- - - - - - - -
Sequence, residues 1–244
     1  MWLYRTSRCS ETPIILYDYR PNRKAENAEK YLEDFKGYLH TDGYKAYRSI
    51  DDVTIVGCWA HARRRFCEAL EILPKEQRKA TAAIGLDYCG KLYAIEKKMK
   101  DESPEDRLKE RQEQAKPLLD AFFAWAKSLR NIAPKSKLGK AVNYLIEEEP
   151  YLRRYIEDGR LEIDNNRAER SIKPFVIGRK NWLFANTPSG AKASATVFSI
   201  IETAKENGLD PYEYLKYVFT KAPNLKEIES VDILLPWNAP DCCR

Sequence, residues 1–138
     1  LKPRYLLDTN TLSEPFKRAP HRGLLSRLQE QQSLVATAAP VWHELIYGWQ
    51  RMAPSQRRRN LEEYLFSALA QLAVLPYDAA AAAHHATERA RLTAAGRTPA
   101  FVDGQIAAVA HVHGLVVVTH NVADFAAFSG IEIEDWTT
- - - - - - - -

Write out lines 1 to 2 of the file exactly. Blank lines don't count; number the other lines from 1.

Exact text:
Sequence, residues 1–244
     1  MWLYRTSRCS ETPIILYDYR PNRKAENAEK YLEDFKGYLH TDGYKAYRSI